This post is going to look at getting your Moai app to run under NaCL, which is Google’s mechanism for allowing you to execute C++ code within Chrome.  There are a number of restrictions, but fortunately Zipline have done most of the hard work for us.

 

Like any other platform, your code is run within a host.  If you are working from the binary ( non-GitHub ) distribution, the host is already built for you and you can skip ahead until you encounter the text “STOP SKIPPING AHEAD!”.  If you are working from Github sources, you need to build the host first.  That is what we are going to do next.

 

Building the Chrome Host

 

First is a matter of locating it.  The source for the NaCL host is located at moai-install-dir/scons/

There are a few things you are going to need to continue…

 

First off, if you haven’t already installed Cygwin, I highly recommend that you do.  The Android  build process basically requires it, so I am going to assume you already have it.  If you don’t, refer to the Android installation guide Cygwin section for details.

You also need to have Python 2.6 or 2.7 installed.  To check, fire up Cygwin terminal and type:

python –V

If you get an error that the command wasn’t found, Python isn’t installed so let’s install it.  The easiest way is to run the Cygwin setup application, then click Next next next until you get to the Select Packages screen.  In the search box enter Python, in the results expand Python and select python: Python language interpreter.

image

Make sure you don’t have any Cygwin Terminal windows open, then click Next and let Cygwin do it’s thing.

 

Now that you have Python installed, we need to download the native client SDK. (That’s the direct download link btw… )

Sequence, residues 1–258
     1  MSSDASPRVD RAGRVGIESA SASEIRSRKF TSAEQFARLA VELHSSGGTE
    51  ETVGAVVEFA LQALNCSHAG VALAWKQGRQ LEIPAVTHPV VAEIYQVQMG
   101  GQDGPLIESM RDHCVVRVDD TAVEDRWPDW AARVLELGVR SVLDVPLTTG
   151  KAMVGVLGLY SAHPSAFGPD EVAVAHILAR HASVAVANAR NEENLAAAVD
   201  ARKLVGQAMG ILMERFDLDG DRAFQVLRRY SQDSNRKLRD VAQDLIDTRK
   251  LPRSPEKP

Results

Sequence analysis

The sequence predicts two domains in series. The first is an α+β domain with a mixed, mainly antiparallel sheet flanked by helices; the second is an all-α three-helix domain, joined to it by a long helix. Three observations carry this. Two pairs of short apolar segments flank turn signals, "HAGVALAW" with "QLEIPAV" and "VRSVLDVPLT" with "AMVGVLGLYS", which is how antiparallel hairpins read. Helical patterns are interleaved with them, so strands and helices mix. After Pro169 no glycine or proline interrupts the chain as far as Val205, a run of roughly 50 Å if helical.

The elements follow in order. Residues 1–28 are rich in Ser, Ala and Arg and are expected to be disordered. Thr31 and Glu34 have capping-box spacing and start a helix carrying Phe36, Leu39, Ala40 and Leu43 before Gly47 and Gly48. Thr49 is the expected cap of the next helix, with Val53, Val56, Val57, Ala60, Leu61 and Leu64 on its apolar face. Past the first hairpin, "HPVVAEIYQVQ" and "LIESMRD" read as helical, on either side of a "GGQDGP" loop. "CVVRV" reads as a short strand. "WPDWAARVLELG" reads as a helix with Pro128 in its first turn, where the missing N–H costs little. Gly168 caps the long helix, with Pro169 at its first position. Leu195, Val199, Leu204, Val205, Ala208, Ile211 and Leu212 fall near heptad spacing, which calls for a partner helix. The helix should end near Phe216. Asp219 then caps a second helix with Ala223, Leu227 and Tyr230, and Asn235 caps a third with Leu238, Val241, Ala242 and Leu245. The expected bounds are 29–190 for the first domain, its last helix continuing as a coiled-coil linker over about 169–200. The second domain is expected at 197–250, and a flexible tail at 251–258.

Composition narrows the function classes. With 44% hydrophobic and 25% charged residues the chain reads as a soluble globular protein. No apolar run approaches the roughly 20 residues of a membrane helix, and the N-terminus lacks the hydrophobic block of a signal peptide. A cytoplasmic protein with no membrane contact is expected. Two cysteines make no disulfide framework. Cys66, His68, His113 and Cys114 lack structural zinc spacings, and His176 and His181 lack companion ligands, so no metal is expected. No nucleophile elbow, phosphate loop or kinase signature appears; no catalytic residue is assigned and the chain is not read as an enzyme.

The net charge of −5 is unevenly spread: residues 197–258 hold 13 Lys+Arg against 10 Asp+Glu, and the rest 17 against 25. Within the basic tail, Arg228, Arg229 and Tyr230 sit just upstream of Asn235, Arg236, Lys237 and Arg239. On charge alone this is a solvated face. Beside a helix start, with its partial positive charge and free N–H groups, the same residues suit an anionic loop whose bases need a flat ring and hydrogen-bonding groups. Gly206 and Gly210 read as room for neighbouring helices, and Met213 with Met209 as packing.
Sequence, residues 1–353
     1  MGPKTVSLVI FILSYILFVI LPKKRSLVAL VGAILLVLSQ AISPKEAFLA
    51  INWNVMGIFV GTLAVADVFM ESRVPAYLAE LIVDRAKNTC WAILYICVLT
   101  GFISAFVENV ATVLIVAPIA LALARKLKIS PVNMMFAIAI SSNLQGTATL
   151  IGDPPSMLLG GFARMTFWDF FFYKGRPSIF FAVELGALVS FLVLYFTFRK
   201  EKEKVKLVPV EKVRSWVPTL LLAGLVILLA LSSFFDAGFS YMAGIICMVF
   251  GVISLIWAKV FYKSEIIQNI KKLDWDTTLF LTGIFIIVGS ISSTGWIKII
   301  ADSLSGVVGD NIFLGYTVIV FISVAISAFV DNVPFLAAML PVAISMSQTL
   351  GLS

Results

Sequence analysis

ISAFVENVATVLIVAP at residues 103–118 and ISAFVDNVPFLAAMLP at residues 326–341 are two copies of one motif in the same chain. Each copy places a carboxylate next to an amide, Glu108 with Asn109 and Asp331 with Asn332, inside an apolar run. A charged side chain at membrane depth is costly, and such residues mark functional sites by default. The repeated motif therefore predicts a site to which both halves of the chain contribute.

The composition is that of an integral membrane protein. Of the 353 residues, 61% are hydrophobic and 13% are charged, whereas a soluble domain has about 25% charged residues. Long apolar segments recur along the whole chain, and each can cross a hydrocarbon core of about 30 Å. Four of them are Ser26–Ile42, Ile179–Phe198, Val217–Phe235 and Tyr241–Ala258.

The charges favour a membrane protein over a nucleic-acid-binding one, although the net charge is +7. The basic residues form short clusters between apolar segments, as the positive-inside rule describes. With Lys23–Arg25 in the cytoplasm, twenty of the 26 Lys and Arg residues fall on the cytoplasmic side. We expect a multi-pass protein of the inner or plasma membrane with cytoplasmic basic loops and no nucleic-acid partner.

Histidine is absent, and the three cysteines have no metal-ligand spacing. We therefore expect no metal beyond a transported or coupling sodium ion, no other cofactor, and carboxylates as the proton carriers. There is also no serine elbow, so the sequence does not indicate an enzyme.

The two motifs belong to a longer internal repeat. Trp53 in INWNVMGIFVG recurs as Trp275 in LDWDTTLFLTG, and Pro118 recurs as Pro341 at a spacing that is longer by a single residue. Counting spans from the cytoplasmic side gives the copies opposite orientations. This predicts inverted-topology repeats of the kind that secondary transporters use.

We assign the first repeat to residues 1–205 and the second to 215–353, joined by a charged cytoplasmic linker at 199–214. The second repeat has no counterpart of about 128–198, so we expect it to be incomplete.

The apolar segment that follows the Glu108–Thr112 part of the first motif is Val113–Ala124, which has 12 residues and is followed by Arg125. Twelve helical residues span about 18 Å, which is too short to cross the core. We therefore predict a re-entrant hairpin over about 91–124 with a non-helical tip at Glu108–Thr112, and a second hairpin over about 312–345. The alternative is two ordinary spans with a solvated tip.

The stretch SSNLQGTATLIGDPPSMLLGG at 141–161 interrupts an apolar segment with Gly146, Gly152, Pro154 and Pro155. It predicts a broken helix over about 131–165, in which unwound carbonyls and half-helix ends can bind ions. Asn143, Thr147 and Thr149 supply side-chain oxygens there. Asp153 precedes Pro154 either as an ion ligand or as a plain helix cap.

Save it somewhere you can remember.  Open the archive and extract the folder nacl_sdk.  I went with c:\dev\nacl_sdk, but choose whatever you want, just be sure to update your paths accordingly.

Now open a Cygwin terminal window and change in to the nacl sdk directory, which in my case is:

cd /cygdrive/c/dev/nacl_sdk/

Now we want to run the installer/downloader.  In the terminal window type:

./naclsdk update pepper_17

Even though the current version is 22, you need to install 17, as it ships with developer tools Moai depends on.  For some reason, Scons has been removed from future versions.  That is what the above command does, gets and attempts to install pepper version 17.



 

DEALING WITH GOOGLE DEVELOPER TOOLS GOTCHA BELOW!

OK, here’s the thing, we are dealing with Google developer tools, and Google developer tools are always broken in some way, especially on Windows, naclsdk is of course no exception.  After running the above command you will be greeted with the following error:

-------------------------------------------------------------------------------------------------

Updating bundle pepper_17 to version 17, revision 112997
Traceback (most recent call last):
  File "/cygdrive/c/dev/nacl_sdk/sdk_tools/sdk_update_main.py", line 759, in <module>
    sys.exit(main(sys.argv[1:]))
  File "/cygdrive/c/dev/nacl_sdk/sdk_tools/sdk_update_main.py", line 752, in main
    InvokeCommand(args)
  File "/cygdrive/c/dev/nacl_sdk/sdk_tools/sdk_update_main.py", line 741, in InvokeCommand
    command(options, args[1:], config)
  File "/cygdrive/c/dev/nacl_sdk/sdk_tools/sdk_update_main.py", line 583, in Update
    UpdateBundle()
  File "/cygdrive/c/dev/nacl_sdk/sdk_tools/sdk_update_main.py", line 564, in UpdateBundle
    RenameDir(bundle_move_path, bundle_path)
  File "/cygdrive/c/dev/nacl_sdk/sdk_tools/sdk_update_common.py", line 56, in RenameDir
    shutil.move(srcdir, destdir)
  File "/usr/lib/python2.6/shutil.py", line 260, in move
    copy2(src, real_dst)
  File "/usr/lib/python2.6/shutil.py", line 95, in copy2
    copyfile(src, dst)
  File "/usr/lib/python2.6/shutil.py", line 50, in copyfile
    with open(src, 'rb') as fsrc: